Although approximately 20,000 fewer people attended the Mifflin Street Block Party this year than last, arrests were over ten times as common, according to the Madison Police Department.
About 5,000 people attended this year’s block party with 393 arrests and citations, according to MPD spokesperson Joel DeSpain. In 2011, 20,000 to 25,000 people attended the block party and only 160 were arrested.
The majority of the citations were for open intoxicants, underage drinking, glass containers in the street, trespassing and public urination, according to DeSpain.
Officials said 100 on-foot officers, 30 sheriff deputies, nine mounted patrol and six bike officers were at the event.
According to MPD the increased police presence was much needed considering last year’s violence.
In addition to more police at the event, city Alcohol License Coordinator Mark Woulf said city officials expected there to be more arrests because of the police department’s “zero tolerance approach” this year.
Police and city officials made many changes to this year’s block party, like banning open intoxicants on the street. Despite many public information sessions explaining the new rules, the majority of citations were for carrying alcohol on the street, according to Ald. Mike Verveer, District 4.
A UW-Madison sophomore, who wished to remain anonymous, was cited for carrying beer on Mifflin Street and said he was surprised by the significant police presence.
“I thought it would be ... a little more mellow,” he said while at the event. “Any sign of anything possibly going wrong is an automatic ticket.”
This year, Mifflin residents had the opportunity to sign the House Party Protection Plan, which let residents call police to control their party without fear of being cited as long as it was a legal house party. A legal house party could not have any underage drinking, amplified music or overcrowding.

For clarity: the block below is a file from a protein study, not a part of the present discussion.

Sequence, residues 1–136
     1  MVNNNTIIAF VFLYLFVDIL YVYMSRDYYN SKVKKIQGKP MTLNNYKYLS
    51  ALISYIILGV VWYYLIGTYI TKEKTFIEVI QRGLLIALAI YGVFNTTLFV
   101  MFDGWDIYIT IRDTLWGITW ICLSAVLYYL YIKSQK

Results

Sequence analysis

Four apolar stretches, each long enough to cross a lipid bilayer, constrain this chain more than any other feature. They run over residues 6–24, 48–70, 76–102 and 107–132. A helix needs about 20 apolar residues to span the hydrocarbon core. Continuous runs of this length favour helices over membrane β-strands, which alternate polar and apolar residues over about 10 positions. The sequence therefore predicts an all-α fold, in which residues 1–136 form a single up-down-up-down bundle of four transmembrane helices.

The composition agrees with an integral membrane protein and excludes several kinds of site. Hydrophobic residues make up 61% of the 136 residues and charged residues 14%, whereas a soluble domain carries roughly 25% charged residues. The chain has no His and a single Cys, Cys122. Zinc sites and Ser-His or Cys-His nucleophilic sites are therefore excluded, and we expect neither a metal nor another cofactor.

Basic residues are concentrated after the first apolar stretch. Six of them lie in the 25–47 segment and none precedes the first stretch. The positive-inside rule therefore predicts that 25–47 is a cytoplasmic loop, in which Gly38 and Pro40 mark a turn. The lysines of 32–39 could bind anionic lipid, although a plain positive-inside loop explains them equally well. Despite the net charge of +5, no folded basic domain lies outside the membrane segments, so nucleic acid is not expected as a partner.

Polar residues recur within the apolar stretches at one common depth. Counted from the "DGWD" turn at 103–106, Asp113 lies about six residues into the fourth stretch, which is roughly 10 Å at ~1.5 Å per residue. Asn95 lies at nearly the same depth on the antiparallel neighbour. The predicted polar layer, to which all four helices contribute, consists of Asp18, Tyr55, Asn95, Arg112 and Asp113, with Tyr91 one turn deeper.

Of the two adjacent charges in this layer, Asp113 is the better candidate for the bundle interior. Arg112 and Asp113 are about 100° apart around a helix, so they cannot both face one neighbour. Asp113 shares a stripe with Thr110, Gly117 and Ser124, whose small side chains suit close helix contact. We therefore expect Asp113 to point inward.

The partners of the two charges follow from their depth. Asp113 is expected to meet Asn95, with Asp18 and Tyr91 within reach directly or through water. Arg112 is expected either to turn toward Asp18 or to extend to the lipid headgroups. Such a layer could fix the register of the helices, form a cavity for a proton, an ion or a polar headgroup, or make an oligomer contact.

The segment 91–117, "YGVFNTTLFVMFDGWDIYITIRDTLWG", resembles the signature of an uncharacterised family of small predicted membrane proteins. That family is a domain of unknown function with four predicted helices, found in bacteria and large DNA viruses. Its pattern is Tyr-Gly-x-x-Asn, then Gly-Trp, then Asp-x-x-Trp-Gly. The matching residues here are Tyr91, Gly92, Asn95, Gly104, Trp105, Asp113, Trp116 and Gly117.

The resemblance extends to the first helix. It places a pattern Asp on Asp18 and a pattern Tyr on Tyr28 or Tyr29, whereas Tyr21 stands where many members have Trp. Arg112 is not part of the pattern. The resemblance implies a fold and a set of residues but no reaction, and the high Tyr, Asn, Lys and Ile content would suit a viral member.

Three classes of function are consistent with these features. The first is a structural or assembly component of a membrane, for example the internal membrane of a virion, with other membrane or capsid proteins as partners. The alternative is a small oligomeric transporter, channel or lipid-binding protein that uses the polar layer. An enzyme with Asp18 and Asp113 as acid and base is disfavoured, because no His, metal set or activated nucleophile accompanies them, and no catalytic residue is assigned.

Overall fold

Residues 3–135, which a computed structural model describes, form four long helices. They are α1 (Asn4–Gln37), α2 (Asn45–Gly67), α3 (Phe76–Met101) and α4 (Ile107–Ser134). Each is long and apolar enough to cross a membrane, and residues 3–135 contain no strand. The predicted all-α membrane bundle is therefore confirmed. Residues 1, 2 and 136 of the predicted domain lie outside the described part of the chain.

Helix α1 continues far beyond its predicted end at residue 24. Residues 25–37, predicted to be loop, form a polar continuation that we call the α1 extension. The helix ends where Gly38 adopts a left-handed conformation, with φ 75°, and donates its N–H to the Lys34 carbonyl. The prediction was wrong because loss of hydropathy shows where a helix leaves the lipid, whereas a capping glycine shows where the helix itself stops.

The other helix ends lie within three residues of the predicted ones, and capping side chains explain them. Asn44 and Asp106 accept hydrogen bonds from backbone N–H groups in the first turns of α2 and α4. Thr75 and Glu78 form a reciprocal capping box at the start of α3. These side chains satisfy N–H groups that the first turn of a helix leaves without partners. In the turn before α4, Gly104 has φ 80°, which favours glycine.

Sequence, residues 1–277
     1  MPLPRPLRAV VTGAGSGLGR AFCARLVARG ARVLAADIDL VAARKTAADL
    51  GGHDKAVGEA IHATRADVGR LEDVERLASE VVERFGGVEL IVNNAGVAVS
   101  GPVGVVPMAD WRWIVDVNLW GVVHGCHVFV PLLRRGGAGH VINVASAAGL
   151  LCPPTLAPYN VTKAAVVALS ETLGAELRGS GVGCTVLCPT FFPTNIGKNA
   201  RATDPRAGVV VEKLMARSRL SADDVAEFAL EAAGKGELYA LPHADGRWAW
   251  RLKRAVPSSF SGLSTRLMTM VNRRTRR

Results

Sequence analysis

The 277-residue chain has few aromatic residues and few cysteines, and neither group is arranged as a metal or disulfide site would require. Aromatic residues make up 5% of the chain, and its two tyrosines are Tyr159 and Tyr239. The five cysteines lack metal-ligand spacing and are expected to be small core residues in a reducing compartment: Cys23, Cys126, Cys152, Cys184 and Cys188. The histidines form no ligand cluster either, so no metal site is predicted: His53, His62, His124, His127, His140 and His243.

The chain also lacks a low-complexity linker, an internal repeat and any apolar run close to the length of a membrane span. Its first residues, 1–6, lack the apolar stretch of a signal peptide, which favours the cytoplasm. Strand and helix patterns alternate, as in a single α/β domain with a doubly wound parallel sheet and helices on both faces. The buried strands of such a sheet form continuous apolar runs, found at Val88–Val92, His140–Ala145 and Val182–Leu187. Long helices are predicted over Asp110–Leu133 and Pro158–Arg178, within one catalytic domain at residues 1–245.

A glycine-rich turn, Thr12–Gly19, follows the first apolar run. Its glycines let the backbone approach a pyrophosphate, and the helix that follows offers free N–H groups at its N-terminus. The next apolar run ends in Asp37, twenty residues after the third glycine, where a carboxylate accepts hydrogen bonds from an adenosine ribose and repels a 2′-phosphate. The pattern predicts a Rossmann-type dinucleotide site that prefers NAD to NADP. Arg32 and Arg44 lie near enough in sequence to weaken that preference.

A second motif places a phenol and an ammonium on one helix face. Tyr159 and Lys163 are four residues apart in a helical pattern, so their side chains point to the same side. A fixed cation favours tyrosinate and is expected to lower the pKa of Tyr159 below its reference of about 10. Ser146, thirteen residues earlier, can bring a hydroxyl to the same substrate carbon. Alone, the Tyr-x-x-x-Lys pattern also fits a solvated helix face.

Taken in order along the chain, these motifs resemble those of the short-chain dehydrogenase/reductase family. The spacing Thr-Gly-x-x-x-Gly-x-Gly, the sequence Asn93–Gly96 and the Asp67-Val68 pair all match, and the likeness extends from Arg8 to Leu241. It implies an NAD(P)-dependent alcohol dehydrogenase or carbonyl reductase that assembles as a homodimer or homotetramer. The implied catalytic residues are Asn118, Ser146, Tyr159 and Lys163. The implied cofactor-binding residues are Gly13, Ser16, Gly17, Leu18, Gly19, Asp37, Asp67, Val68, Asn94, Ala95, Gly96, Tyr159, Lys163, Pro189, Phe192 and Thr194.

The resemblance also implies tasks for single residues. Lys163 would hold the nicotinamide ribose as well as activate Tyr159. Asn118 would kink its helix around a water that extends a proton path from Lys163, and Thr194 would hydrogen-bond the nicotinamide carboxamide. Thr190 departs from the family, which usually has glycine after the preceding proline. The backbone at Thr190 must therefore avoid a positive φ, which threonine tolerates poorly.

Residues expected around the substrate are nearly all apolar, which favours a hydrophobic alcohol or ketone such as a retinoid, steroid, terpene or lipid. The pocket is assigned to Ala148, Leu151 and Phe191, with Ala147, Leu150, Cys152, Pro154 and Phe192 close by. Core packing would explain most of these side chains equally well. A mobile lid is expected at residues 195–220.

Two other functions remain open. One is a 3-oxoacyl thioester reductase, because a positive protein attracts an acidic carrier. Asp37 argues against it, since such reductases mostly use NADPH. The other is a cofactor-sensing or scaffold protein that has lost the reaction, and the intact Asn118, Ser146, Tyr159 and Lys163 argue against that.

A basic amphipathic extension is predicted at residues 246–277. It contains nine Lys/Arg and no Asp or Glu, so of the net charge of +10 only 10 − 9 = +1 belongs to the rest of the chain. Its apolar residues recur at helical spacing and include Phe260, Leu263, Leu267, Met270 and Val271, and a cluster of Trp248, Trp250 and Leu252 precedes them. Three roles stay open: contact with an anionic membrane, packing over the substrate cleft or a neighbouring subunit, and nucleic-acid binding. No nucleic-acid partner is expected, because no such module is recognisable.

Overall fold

MPD officer Chanda Dolsen said the majority of Mifflin residents registered their houses with police.
Many landlords also posted “No Trespassing” signs provided by the MPD, according to Dolsen. If any unwanted person was on a property displaing one of these signs, they were arrested for trespassing.
Mifflin street resident Talia Aviani found the registration to be helpful when police removed an unwanted visitor who refused to leave her porch.
“We registered our house with the Madison Police Department, which at first I was worried about, but it’s actually more of a benefit for us ... because if some things get out of control they can just kick everybody out for us,” Aviani said.
Even though police issued more citations last year, city officials were pleased with the safety improvements to this year’s event.
“My personal goal is to make it as safe as possible for everybody, and I think we accomplished that yesterday,” Verveer said.